Dell wields chart for Apple laptop comparison

This back-to-school chart compares Dell's Studio line to Apple's MacBooks. Is it really "apples to apples," as Dell puts it? Here's a reality check on what consumers may place value on.

Dell has published a back-to-school chart comparing its Studio laptops with Apple MacBooks--all very favorable to Dell, mind you. So, what's accurate, and what's missing?

First, the chart in all of its stark Dell-Apple price gap glory, which Dell shows as $1,249 per model:

Dell claims savings for similar MacBook configurations of up to $1,249.
Dell claims savings for similar MacBook configurations of up to $1,249. Dell

A couple of things need to be pointed out quickly: The 15- and 17-inch MacBook Pros are made from metal, and the Dell Studio is mostly plastic. This can translate into a significant aesthetic and durability difference for some consumers.

Also, graphics chips are not specified. The MacBooks come with Nvidia GeForce GT 330M discrete graphics, switchable with Intel Core i series graphics. The Dell Studio is spec'd mostly with Intel graphics (both older Core 2 and new Core i series graphics). At the upper end of the Studio 15 lineup, Dell uses the ATI Mobility Radeon HD 5470 graphics chip and an ATI chip for the high-end Studio 17. It may be the case that these higher-performance ATI chips are used in the Studio 15 and 17 shown in the chart, as they are both pricier configurations shown with 1GB of graphics memory. (Dell did not respond immediately for comment.)

Clarifications aside, the chart says more about Apple than Dell. "This is a classic Apple story," said Bob O'Donnell, an analyst at IDC. "A pretty stark comparison, but it's been true for a long time. A lot of the mainstream notebooks these days are being sold for $500 or $600. Yet the cheapest MacBook is $999. It's not uncommon to see 50 percent price deltas," he said.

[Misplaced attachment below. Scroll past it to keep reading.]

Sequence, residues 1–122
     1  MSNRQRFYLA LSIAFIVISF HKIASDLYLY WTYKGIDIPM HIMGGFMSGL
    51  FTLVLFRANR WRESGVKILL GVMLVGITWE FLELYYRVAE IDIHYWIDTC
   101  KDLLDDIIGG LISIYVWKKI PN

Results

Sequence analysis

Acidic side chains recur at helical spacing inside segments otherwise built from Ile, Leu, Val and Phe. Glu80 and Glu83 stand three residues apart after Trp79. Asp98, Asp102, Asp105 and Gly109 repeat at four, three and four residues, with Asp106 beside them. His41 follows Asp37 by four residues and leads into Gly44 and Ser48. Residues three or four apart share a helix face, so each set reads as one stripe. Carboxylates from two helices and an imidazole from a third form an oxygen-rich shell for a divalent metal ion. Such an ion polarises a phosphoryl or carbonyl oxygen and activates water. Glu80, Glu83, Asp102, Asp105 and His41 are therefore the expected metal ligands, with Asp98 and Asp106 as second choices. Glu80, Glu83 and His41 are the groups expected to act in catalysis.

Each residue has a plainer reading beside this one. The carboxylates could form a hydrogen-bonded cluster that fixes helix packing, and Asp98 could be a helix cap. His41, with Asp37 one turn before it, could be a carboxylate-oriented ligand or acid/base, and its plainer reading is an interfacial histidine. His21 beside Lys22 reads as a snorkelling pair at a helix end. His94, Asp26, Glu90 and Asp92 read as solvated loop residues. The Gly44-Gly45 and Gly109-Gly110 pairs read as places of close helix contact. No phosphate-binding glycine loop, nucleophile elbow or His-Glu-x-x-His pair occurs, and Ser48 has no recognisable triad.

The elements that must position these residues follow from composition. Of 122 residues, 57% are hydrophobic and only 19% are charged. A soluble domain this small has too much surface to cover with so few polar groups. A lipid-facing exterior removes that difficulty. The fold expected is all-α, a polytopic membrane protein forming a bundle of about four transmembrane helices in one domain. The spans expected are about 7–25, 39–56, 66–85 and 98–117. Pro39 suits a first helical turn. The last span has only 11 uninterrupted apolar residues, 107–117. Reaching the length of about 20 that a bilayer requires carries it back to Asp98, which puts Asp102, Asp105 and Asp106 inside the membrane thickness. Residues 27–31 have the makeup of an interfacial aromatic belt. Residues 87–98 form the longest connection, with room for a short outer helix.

All of this is very good for Apple, according to O'Donnell. "Their share of the PC market--about 5 percent--hasn't changed dramatically. On the other hand, you can show that Apple pretty much owns the consumer retail laptop market over $1,200. That's the reason their stock has done so well, and the reason that they're so profitable. They've carved out a very nice niche at the high end."

And Mac OS X versus Windows 7? "Apple can justify huge price premiums because people pay for the experience of the Mac OS," O'Donnell said.

Other distinctions between the MacBooks and Studios are the six color choices for the Dell Studios versus no choice (silver) for the MacBooks, and Windows Live Essentials versus iLife , respectively. Another notable difference: the Dell Studio 17 comes with a Core i7 processor versus the i5 for the 17-inch MacBook Pro.

Apple did not respond immediately for comment.

About the author

Brooke Crothers writes about mobile computer systems, including laptops, tablets, smartphones: how they define the computing experience and the hardware that makes them tick. He has served as an editor at large at CNET News and a contributing reporter to The New York Times' Bits and Technology sections. His interest in things small began when living in Tokyo in a very small apartment for a very long time.

 

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